POSTSCRIPT / March 1, 2009 / Sunday


Philippine STAR Columnist

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'Right to talk back' bill is prior restraint

RIGHT TO/OF…: Still on the bill forcing media to publish or broadcast with equal prominence the reactions of all persons claiming to have been slighted by reports and comments in the newspapers, over the radio and television:

The sponsor of Senate Bill 2150 refers to it as a “right to reply” measure, but some objecting media tag it a “right of reply” bill. The difference reflects a clash of adversarial interests.

The proponents seem to regard talking back to media as a moral right and now want to legislate it into a legal entitlement, maybe even elevate it to something akin to those in the Bill of Rights.

Interestingly, Article III (Bill of Rights) of the Constitution also uses the construction “right to…” and not “right of….”

The section speaks in solemn tones of the right of the people to be secure in their persons, houses, papers; the right peaceably to assemble and petition the government; the right to information; the right to form unions, associations; the right to be informed of (one’s) right to remain silent; the right to bail; the right to a speedy disposition of cases, et cetera.

With that, I would rather adopt the nomenclature used by the proponents — they are more familiar with their handiwork — and continue referring to it as the “Right to Reply” bill.

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RIGHT-TO-TALK-BACK: That the proponents want to invent a “Right to Reply” simply means that there is no such “right” at the moment. Otherwise, there would not be any need to create such a right by legislation.

The proposed right-to-talk-back cannot be invested with the same weight as those in the Bill of Rights which, we want to remind everybody, says in Section 4: “No law shall be passed abridging the freedom of speech, of expression, or of the press….”

In the very beginning, from the moment of creation of the Constitution, there was already this “freedom of speech, of expression, or of the press….” The Charter did not invent or grant these freedoms; it just recognized and affirmed them.

Now some politicians smarting from media criticisms are seeking to abridge these inherent freedoms?

On this constitutional score alone, the “Right to Reply” bill should be struck down.

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UNNECESSARY: In the second place, giving onion-skinned politicians and public figures a new right to talk back is redundant and unnecessary.

The penal code has provided already for a potent legal recourse to untruthful reportage and malicious media commentaries.

We have a tough libel law that even goes against the general rule of presumption of innocence by presuming malice in critical media reports. The law places on the accused author and publisher the burden of overturning this presumption of malice.

If this law on libel is not harsh enough, it can always be amended — instead of having touchy senators and congressmen pass a “Right to Reply” law of doubtful constitutionality.

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KILLING MEDIA: The talk-back measure is not necessary, also because there are already mechanisms and industry standards for ensuring fair play and balance in news reportage.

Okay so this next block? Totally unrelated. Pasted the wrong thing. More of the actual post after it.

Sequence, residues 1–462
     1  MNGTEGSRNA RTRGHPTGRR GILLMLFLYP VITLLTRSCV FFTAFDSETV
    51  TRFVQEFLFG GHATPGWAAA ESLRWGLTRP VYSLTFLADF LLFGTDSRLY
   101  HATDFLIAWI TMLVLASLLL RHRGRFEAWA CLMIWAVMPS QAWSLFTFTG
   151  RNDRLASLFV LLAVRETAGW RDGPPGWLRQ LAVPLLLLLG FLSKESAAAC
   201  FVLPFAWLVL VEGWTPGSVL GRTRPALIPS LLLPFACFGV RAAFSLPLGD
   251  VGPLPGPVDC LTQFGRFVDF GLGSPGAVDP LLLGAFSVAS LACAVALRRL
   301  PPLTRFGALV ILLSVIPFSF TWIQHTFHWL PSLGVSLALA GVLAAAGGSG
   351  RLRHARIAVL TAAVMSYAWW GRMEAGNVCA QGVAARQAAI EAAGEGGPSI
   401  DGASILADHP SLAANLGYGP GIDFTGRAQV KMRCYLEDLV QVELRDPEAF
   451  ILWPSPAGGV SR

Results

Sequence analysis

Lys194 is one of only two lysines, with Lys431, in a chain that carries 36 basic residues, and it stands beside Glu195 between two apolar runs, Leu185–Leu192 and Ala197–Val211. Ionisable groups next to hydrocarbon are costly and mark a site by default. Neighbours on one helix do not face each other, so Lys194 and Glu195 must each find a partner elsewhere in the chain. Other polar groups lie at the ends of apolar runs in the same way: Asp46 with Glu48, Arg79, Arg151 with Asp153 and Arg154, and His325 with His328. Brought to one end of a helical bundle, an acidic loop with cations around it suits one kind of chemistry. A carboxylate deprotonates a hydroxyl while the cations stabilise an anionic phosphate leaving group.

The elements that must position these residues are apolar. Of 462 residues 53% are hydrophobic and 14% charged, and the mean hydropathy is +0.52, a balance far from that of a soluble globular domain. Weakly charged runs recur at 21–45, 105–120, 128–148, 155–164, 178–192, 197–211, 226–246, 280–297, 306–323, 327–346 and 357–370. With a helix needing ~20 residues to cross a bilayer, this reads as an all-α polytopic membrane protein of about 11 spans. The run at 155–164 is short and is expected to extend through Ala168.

If these self-policing mechanisms and standards are inadequate or not properly enforced, the better recourse is to review and recast them.

The crude mechanism proposed in the “Right to Reply” bill is simply not workable. Forcing private media to use the same spot or time slot for the reactions of all those who feel aggrieved will drown the media in endless retorts.

At least half of the contents of newspapers and radio-TV programs would consist of supposed replies of those claiming to have been unfairly hurt by earlier reports.

This is the surest way to drive private media out of business. This will kill the Fourth Estate that the Constitution so solicitously protects.

Maybe that is the idea in the first place?

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IT WON’T WORK: It should be plain even to simpletons why the proposed law will not work.

First of all, somebody on top has to decide which replies should be published or broadcast. Media cannot just run every “reply” sent to them.

Who will decide what is fit to print? What if a newspaper or a radio-TV network refuses to use a rejoinder as is and on the date demanded by the complainant?

This will bring in the courts and a horde of lawyers and public relations people. By the time the Supreme Court decides which material merits publication and in what manner, several months may have lapsed and the subject may have been forgotten.

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PRIOR RESTRAINT: What lawmakers who do not understand media operations want to do is legislate editorial responsibility and balance. They are attempting to abridge the freedom of the press.

The “Right to Reply” law as proposed is a case of prior restraint, because it presumes to dictate on media beforehand what material to use and not to use — and in what manner. This is crude censorship.

Who will enforce the law at the editorial desk level? Do we go back to the Marcosian setup in the early stages of martial rule when government censors and enforcers were assigned to media to pass upon materials before publication?

Since the demand for paper, ink and other materials — not to mention personnel services — would double, would the government foot the extra bill arising from its meddling into what is clearly private business?

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(First published in the Philippine STAR of March 1, 2009)

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